Enter Dzogchen: rigpa

Vedanta Advaita teachings on the subject of the ultimate experiences of Oneness (i.e. samadhi) are quite different from the Buddhist teachings. The main difference, as far as I can see, is that the Buddhist teachings (Dzogchen and others as well) affirm the non-self or anatta natural reality whereas Vedanta insists on the base “I am” (Aham Brahmasmi) reality.

Both are valid, of course. To me, however, the “I am” presence, has become like any other movement in the Mind: impermanent and with no base whatsoever.

Rigpa as per fellow Buddhist, quote taken from a closed FB group
( Mahasiddhas, Mahamudra & Dzogchen >> )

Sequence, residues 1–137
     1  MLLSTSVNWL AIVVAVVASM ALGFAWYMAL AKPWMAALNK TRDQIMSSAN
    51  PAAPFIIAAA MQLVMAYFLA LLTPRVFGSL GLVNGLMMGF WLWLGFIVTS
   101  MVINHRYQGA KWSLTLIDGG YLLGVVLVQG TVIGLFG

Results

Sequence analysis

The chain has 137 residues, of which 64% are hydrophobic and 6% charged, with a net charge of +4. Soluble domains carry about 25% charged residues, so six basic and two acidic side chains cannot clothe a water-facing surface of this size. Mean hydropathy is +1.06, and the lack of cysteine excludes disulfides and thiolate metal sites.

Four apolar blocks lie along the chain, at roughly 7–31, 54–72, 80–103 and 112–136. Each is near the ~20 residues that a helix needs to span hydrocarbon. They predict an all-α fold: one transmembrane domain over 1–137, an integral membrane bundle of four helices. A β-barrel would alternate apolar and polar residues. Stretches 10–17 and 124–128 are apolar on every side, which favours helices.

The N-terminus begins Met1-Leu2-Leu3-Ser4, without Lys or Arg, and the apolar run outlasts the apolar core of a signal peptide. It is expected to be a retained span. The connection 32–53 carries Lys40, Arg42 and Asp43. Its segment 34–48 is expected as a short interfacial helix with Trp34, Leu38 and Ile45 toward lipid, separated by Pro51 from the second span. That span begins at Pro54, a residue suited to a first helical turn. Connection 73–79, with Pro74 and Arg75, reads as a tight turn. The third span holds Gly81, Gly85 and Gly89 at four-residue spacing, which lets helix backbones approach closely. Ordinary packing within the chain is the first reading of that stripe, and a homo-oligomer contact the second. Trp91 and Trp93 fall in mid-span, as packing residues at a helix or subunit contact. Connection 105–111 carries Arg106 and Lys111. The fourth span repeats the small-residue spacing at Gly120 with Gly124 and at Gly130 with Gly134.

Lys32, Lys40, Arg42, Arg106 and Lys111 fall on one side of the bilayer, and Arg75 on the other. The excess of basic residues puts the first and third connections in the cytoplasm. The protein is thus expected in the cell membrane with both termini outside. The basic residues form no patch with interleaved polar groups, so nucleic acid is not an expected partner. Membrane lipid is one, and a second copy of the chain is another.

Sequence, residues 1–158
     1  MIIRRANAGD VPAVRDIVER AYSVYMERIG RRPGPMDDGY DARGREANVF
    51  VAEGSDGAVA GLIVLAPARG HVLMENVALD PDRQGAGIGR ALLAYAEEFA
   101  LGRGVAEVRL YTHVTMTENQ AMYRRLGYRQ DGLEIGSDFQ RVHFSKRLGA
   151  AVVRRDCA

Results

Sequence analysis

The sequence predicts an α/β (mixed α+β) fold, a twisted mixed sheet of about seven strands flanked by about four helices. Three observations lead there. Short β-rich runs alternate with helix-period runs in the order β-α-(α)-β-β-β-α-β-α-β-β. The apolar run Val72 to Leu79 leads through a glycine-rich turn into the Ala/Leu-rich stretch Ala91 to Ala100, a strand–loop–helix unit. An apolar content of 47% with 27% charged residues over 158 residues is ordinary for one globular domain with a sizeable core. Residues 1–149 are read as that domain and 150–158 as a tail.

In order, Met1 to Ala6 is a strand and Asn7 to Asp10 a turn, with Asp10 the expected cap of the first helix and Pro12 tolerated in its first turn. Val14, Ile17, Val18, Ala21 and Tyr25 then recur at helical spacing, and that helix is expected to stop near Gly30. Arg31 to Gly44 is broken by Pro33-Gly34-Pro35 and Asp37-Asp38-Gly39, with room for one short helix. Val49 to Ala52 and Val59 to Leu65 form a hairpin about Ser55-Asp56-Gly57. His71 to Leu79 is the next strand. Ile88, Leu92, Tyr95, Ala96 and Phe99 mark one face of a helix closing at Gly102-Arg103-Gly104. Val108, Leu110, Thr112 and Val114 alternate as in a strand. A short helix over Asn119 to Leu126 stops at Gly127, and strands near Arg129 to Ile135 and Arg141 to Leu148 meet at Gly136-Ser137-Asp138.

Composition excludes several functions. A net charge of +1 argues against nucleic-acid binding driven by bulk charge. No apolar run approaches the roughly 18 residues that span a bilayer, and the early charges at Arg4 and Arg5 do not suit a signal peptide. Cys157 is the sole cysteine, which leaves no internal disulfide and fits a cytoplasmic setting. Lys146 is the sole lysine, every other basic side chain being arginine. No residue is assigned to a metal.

“The ultimate nature of all sentient beings is said to be pure, all-encompassing, primordial clarity or naturally occurring timeless clarity. This intrinsic clarity has no form of its own and yet is capable of perceiving, experiencing, reflecting, or expressing all form. It does so without being affected by those forms in any ultimate, permanent way.

The analogy given by Dzogchen masters is that one’s nature is like a mirror which reflects with complete openness but is not affected by the reflections, or like a crystal ball that takes on the colour of the material on which it is placed without itself being changed. The knowledge that ensues from recognizing this mirror-like clarity (which cannot be found by searching nor identified) is what Dzogchenpas refer to as rigpa.”

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